The Mekon

For other uses, see Mekon.
The Mekon
Publication information
First appearance 1950
Created by Frank Hampson
In-story information
Species Treen

The Mekon (of Mekonta) is the arch-enemy of the British comic book hero Dan Dare, first appearing in 1950 in the Eagle comic strip Dan Dare, Pilot of the Future and created by Frank Hampson. Apart from Dan Dare himself, he is the only character to appear in every one of the numerous versions of the comic strip that appeared in the Eagle, 2000 AD and Virgin Comics. In the 1950s, roughly every other story featured the Mekon.


The Mekon was the ruler of the Treens of northern Venus, although he was ousted from this position at the end of the first story and had no fixed base of operations. He was created by scientific experimentation, engineered for a very high intelligence. As such he had a swollen head containing his massive brain and atrophied body, and moved around on a levitating chair. He typically invented new superweapons in the pursuit of his goal: the domination of the universe for the purpose of scientific research. In some stories he also sought personal revenge on Dan Dare.

In the animated Dan Dare: Pilot of the Future television series (first aired in 2001), someone took his nickname "Melonhead" literally and showed his cranium as not shiny smooth green but wrinkled like a cantaloupe. The voice of the Mekon was portrayed by Richard Pearce.

The Mekon returns in Virgin Comics Dare miniseries by Garth Ennis, leading a regrouped war fleet with genetically-engineered monsters (based on Treen mythology) and a controlled black hole as a weapon. By issue #3, the Mekon has been almost entirely off-screen, operating remotely, and a source of fear among human and Treen alike. His only appearance was a two-page sequence at the end of #2, where he psychically communed with the British Prime Minister (a servant of his) and showed a detached, dispassionate persona.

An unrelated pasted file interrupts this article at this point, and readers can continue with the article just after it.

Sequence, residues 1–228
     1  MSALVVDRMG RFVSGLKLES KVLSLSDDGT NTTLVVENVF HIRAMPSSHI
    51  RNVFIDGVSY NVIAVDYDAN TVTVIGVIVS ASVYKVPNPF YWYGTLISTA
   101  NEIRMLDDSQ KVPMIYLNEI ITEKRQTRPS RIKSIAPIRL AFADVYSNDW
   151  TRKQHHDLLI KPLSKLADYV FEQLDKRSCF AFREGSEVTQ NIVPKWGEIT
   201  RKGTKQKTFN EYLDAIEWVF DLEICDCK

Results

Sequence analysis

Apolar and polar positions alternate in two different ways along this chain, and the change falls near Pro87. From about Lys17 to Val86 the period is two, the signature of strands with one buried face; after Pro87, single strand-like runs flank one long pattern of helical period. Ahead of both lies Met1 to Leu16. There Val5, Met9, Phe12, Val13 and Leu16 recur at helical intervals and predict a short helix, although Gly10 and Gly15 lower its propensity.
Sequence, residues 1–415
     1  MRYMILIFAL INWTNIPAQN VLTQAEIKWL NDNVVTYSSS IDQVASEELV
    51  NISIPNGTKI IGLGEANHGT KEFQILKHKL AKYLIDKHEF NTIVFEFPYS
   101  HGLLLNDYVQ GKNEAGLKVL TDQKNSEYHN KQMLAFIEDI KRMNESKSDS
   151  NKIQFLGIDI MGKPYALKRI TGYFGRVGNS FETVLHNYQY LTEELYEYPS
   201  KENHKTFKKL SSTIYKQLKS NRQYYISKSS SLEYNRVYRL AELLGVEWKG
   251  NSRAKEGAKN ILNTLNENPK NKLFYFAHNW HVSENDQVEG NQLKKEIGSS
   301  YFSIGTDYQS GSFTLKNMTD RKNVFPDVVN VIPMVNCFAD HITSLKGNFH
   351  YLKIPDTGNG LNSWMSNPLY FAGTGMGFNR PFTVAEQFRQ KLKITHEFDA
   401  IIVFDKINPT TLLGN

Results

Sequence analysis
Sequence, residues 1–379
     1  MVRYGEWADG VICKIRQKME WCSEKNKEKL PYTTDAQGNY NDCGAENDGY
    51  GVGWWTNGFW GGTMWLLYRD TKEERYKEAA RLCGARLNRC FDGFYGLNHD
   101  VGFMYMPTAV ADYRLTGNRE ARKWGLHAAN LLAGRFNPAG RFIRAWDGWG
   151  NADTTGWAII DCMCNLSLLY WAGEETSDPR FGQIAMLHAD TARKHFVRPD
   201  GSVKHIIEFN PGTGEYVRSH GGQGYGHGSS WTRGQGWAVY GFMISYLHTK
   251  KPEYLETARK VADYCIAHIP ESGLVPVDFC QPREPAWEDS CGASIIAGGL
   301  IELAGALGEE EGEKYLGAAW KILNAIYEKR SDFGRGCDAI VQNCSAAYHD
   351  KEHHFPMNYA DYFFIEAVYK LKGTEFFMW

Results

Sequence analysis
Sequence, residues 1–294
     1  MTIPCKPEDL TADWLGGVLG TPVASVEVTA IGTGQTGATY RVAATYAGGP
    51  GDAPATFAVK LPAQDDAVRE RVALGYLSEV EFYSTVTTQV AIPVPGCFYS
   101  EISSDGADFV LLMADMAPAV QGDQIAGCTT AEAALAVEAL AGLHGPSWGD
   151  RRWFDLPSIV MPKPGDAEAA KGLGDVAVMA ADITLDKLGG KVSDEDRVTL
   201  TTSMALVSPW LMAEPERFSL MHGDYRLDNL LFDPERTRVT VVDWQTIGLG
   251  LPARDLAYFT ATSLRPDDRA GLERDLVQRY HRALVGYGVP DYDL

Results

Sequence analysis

Later in the series he attempted to capture Dare, and on doing so ordered him tortured. This proved to be a trap that allowed a group of Royal Marines to attack his ship and soon after a massive naval engagement occurred over Neptune. In the ensuing battle the Mekon's ship was rammed by the HMS Trafalgar and boarded by British troops led by Dare who engaged the Mekon in personal combat before defeating him and leaving him near death. The traitorous prime minister rescued the Mekon and they attempt to escape in a small craft only to be sucked into the Mekon's black hole.

In the final issue of the series, he displays personal hatred for Dare and refers to him as "the Earthman who taught the Mekon how to hate".

British politician Angus Maude[1] and Irish journalist Patrick Cosgrave[2] were each nicknamed "The Mekon".

In the "Genesis of A Classic" feature on the Doctor Who DVD release of Genesis of the Daleks, producer Philip Hinchcliffe cites the Mekon as one of his inspirations for the character Davros.[3]

Elton John, in his "Rock of the Westies" album recorded in 1976, had a song called "Dan Dare (Pilot of the Future.)" One of the key repeated lines in the song is "Dan Dare doesn't know it, he doesn't know it, but I like the Mekon."

British rock band The Mekons named themselves after the character in 1977.

In May 2013, the BBC radio soap opera The Archers featured a storyline in which regular character Brian Aldridge was aggrieved by a local newspaper article that compared him to the Mekon.


  1. The Hugo Young Papers: Thirty Years of British Politics – Off the Record
  2. "Obituary: Patrick Cosgrave". The Daily Telegraph. 22 November 2001. Retrieved 19 April 2009.
  3. David Butler, "Time and relative dissertations in space: critical perspectives on Doctor Who", Manchester University Press, 2007, ISBN 0-7190-7682-X, p.151


  • Dudley Jones, Tony Watkins, "A necessary fantasy?: the heroic figure in children's popular culture", Routledge, 2000, ISBN 0-8153-1844-8, pp. 166–168
  • Mike Conroy, "500 Comicbook Villains", Collins & Brown, 2004, ISBN 1-84340-205-X, p. 334
  • Maurice Horn, "The World encyclopedia of comics, Volume 1", Chelsea House Publishers, 1976, ISBN 0-87754-042-X, p. 194

Further reading

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